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Editorial: If Not Now, When; A Tipping Point for Gun Control

Five of the 10 deadliest mass shootings in U.S. history occurred during the past 15 years, and four of them in the past five years, according to a list compiled by The Washington Post that appeared in the Sunday Valley News. To date, this accelerating change in the climate of mass violence has been largely ignored by national political leaders.

But the slaughter of the innocents in Newtown, Conn., last week has been characterized by gun control advocates as a “tipping point” that might at long last lead Congress to impose new restrictions on guns. We’re not so sure. But if not now, when?

There are sensible measures that can be enacted without materially infringing on the rights of gun owners to hunt or shoot recreationally. One is to reinstitute the ban on sales of assault weapons that was allowed to lapse in 2004. Another is to limit the capacity of magazines. A third is to strengthen the system of background checks for gun purchases. None of these restrictions individually or collectively would guarantee an end to mass gun violence. But they might at least limit the number of such attacks and hold down the body count when they do occur.

President Obama has been criticized for not proposing gun control initiatives during his first term, and there is some justice in this criticism. This inaction did not surprise us, as it was clear from our editorial board meeting with him during the 2008 campaign that he has a full appreciation for the complexity and nuance of gun ownership in America. And given that there was no appetite in Congress for new gun restrictions, any attempt to enact them would have been a prescription for a noisy and pointless wrangle. But political leadership consists not only of recognizing the limits of what’s possible, but also of seizing opportunity when it presents itself.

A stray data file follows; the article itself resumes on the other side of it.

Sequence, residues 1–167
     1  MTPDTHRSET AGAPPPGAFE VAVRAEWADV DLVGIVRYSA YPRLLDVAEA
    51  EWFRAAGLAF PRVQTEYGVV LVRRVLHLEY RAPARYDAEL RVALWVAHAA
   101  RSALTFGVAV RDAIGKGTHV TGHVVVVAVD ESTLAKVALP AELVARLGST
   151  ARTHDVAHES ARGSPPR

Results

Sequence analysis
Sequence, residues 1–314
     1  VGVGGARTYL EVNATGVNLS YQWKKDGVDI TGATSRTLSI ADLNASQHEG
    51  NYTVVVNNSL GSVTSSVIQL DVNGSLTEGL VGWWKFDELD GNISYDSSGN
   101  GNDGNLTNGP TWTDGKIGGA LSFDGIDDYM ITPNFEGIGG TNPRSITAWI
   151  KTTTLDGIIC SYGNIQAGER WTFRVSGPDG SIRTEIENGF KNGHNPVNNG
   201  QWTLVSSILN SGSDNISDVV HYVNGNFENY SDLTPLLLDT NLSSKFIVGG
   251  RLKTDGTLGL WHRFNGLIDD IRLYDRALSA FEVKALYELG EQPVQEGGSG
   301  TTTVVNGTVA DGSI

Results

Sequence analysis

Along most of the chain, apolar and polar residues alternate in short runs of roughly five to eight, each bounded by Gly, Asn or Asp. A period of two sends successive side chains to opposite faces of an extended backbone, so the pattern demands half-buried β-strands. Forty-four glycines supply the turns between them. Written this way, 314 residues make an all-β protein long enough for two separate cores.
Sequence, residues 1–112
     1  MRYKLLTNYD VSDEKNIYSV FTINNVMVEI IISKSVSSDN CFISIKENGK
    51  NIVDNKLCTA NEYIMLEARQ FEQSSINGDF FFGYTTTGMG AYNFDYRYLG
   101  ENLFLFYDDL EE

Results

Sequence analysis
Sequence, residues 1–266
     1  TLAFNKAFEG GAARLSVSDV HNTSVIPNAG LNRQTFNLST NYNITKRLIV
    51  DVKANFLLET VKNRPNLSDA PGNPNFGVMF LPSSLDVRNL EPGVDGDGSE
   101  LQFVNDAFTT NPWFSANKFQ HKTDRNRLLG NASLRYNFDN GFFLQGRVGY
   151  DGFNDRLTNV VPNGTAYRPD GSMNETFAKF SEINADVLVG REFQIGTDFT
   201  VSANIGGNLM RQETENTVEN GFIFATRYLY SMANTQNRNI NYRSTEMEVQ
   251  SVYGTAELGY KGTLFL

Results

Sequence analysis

Obama’s remarks at the memorial service in Newtown Sunday night suggest that he understands that this is a potentially transformative moment in the long national debate about what the Second Amendment means and how it is to be understood in the 21st century.

“Can we say that we’re truly doing enough to give all the children of this country the chance they deserve to live out their lives in happiness and with purpose? I have been reflecting on this the last few days,” the president said. “If we’re honest with ourselves, the answer is no. And we will have to change.”

There may be more in the subtext of those remarks than in the text itself. Guns are not the whole of the problem. Violence is in the very cultural air that Americans breathe every day, from news reports to the general run of movie and television fare to video games. This is not to suggest that any particular act of mass violence is touched off by any of these things, because the psychology is far more complicated than that. But a culture of violence cannot help but coarsen our communal life and diminish our humanity.

So, yes, we need to change, and not just our laws. “What choice do we have?” the president asked in Newtown. Fortunately, we have the choice of moral courage.